Day 12 Meditation
How many times a day do we perform an action without really being there? When we’re simultaneously reading the newspaper, checking our e-mail, having a conversation, listening to music, and eating a meal, where is the taste of the food? For today’s practice, we bring mindfulness into another daily activity: eating. In this exercise we try to step out of automatic pilot, be more present, feel more connected to our experience, and perhaps even enjoy our food more!
We can take the lessons we learn from observing one single activity and apply them to the rest of our life.
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A few times a day, stop whatever you’re doing and become aware of your body. See which sensations predominate. Try to have a direct physical and tactile experience as you’re performing everyday activities – feel a water glass against your hand as a cool hardness; when you sweep the floor, sense the exertion in your arms, the tug on the muscles of your back and neck.
Question & Answer
Q: I have such a hard time maintaining a daily meditation routine. I have so much going on in my life, and know I would really benefit from daily practice, but always seem to run out of time to sit. Any recommendations?
A: One of the benefits of mindfulness as a technique is that we can practice it in the midst of everyday activities. This can been really great during the times when it isn’t possible to carve out time for a formal sitting. I would encourage you to experiment with using part of your everyday routine as a meditation – a time of coming into the moment. By paying full attention to your actual experience, it can be a moment to reconnect, learn about yourself and deepen your enjoyment of a simple pleasure.
Another way to bring practice into your daily routine is by adding a mindful moment to certain tasks that you do every day. One famous example from Thich Nhat Hanh is to take a few breaths before you pick up the phone when it rings. I have made the resolution to practice lovingkindness practice (which we’ll do in week four) whenever I am waiting somewhere. A student of mine made the resolution to practice mindfulness whenever she passed over a threshold walking from one room to another. So you can play with different ways to bring the practice into your life that doesn’t require a lot of extra time on top of your existing commitments.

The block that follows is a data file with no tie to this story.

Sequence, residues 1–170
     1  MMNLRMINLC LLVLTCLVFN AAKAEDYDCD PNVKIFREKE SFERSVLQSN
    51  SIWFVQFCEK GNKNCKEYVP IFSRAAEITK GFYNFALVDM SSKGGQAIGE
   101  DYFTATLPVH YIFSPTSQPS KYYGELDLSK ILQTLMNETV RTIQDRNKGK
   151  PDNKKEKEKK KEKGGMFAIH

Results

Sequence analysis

Welcome back. Eating is a wonderful opportunity for mindfulness. So often we snatch a meal hurriedly, perhaps while also watching TV or texting, or having a conversation. Perhaps all of the above at the same time. Practicing a few minutes of mindful eating, as in this exercise, allows us to bring the skill of mindfulness to some part of our meals, if we wish to. This helps us to step out of automatic pilot. To be more present, feel more connected to our experience and, perhaps, enjoy food more. As we are eating, we can practice exploring the experience of our different senses. Ideally, you can try this at a time you’re not feeling rushed and are either alone or are in a situation where you won’t feel self conscious.
First, look at the food. Notice the color, the shape, the folds. Then pick up the food. Feel the texture of the food or perhaps the utensil in your hand. Smell the food, notice any aromas. Bring the food to your mouth. Begin slowly chewing and notice the burst of flavor. Even if you are tempted to reach for more while you’re still chewing, notice that. Chew this bite fully and swallow before reaching for more. Don’t think of this as depriving yourself in some way, but as an opportunity to step out of automatic habits. Here’s something you might do mechanically, not really being present for, and not feeling fulfilled by, because we’re not really there for it. We’re turning that tendency around by training ourselves to be present, coming into the moment, paying attention to actual experience. Fully experiencing the simple things in life. Then the next bite. You can open again and again to seeing the food, feeling the texture, smelling the food and then the taste.
You can bring this meditation to a close. You can reflect. What were some things you particularly noticed about your experience? Eating meditation is a very powerful meditation, because here’s something we might do mechanically, not really being present for, and not feeling fulfilled by, because we’re not really there for it. We’re turning that tendency around by training ourselves to be present, coming into the moment, paying attention to actual experience, fully experiencing the simple things in life.